Number 1 – Under subsection (c)(1) the “duly qualified” executor or administrator of an estate can gain access to the safety deposit box.  This person is authorized to remove contents from the safety deposit box.  This is helpful but only if the executor or administrator are already qualified by a probate court which means the probate estate has already been filed and opened up.  This can take quite some time after death.  Also, if the original will cannot be found, then this is a real problem.

 

Number 2 - Subsection (c)(2) provides that a person who has a court order can have access to the safety deposit box in order to search for a will, burial instructions or life insurance policies.  This would require the filing of a petition/motion with a Tennessee court in order to get access to the safety deposit box.

 

Number 3 – Subsection (c)(2) also provides that if there is no order of the court, then the following individuals can get access for the limited purpose of searching for a will, burial instructions or life insurance policies:

 

            (1) Spouse of decedent.

            (2) Parent of decedent.

            (3) Adult sibling of decedent.

            (4) Adult descendant of decedent.

            (5) Person named as executor in purported will.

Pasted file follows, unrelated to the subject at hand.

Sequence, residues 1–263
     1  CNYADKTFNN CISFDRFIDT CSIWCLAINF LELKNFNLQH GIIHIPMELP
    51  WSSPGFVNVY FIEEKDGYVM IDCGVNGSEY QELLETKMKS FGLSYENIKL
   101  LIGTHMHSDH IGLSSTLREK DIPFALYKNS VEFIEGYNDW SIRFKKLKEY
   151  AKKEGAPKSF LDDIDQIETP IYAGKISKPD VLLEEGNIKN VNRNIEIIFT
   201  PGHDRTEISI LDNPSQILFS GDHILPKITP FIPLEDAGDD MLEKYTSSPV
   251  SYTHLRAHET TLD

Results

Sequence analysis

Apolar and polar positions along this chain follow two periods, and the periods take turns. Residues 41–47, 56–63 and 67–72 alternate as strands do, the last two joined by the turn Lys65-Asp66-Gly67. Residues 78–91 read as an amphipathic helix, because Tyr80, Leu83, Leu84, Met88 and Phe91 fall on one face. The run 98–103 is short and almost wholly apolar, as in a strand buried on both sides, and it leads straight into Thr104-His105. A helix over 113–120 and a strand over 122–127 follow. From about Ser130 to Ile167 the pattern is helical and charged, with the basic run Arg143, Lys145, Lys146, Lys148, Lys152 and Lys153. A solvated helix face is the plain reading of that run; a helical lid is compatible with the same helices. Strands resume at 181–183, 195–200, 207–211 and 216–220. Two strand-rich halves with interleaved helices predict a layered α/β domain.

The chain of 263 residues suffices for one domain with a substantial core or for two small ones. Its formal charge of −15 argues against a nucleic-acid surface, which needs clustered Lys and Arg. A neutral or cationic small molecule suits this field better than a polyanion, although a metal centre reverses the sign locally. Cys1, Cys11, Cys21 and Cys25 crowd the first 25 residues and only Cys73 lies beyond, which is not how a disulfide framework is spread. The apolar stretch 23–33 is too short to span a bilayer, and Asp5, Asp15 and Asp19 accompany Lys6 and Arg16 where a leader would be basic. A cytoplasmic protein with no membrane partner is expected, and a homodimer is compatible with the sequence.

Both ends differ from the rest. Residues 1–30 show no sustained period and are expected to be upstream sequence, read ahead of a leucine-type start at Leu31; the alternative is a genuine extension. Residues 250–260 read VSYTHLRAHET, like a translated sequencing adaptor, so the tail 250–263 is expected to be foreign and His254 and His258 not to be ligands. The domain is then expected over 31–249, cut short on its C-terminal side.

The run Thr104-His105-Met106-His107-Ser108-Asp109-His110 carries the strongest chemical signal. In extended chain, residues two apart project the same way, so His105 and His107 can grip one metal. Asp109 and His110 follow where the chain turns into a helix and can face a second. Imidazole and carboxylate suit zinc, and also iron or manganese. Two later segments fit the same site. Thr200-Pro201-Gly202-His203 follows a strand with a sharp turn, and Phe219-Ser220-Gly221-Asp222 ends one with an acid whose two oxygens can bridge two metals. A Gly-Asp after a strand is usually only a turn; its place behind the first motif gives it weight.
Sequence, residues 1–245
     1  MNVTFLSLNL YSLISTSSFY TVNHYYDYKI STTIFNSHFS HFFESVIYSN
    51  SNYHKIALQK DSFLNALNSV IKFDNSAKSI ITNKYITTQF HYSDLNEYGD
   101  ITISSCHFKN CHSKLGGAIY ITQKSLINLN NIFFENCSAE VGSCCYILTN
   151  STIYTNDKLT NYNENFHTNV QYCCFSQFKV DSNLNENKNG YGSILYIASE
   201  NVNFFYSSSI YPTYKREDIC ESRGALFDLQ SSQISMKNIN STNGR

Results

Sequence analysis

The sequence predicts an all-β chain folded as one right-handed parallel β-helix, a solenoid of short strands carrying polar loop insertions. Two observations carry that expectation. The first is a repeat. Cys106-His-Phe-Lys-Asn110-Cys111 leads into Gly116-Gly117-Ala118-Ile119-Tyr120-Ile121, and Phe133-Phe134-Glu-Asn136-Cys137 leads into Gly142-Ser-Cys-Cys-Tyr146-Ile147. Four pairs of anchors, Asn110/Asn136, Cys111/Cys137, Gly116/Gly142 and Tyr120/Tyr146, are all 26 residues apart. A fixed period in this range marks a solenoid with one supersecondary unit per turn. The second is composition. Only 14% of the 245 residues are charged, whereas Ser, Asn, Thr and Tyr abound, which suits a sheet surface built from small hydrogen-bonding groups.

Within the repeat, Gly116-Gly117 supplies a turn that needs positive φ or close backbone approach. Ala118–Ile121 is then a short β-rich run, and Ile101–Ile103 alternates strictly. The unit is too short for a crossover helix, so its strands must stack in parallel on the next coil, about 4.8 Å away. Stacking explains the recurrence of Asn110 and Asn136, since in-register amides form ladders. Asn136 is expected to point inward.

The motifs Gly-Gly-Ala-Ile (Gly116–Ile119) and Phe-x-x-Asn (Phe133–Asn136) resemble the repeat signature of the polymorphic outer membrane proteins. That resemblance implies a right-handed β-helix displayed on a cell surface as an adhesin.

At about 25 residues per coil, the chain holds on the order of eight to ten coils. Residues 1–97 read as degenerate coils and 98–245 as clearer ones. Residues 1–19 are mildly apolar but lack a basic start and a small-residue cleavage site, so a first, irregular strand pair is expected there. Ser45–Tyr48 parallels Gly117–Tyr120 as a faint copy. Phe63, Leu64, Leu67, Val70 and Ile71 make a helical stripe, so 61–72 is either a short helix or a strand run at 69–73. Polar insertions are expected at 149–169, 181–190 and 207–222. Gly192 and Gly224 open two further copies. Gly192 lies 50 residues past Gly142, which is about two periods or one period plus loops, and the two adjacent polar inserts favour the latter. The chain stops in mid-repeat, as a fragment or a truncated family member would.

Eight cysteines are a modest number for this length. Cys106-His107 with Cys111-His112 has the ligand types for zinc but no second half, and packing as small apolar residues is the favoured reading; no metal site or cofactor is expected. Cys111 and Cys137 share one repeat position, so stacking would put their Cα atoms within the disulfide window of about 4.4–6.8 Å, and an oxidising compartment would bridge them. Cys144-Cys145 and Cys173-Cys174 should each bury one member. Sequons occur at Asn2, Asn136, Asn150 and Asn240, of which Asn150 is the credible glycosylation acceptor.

(6) Any person who had access to safety deposit box immediately prior to death.

 

These individuals can get access to the safety deposit box but only with the bank personnel present.  Both the bank personnel and the individual who gets access to the box must record a written inventory of all items found in the safety deposit box.

 

Number 4 – Subsection (c)(3) provides that if 60 days passes after death and no executor or administrator has requested access to the safety deposit box, then the surviving spouse or any next of kin can get access to do an inventory and remove the contents.  This part of the statute provides that a bank “may” permit this access.  Some banks may require these individuals to get an order of the court before allowing this access.

 

If you have any questions or difficulty obtaining access to a safety deposit box in Tennessee, this is the statute to consult with to determine how to move forward.  In many circumstances, you may need to hire an attorney to assist you if the bank insists on having a duly authorized executor, administrator or court order to allow access.

 

Follow me on Twitter at @jasonalee for updates from the Tennessee Wills and Estates blog.

TAGS: Wills, Probate Assets
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Jason A. Lee is a Member of Burrow Lee, PLLC. Contact Jason at 615-540-1004 or jlee@burrowlee.com for an initial consultation on wills estate planning and probate issues.

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Tennessee Wills and Estates Blog
Jason A. Lee, Member of Burrow Lee, PLLC
611 Commerce Street, Suite 2603
Nashville, TN 37203
Phone: 615-540-1004
E-mail: jlee@burrowlee.com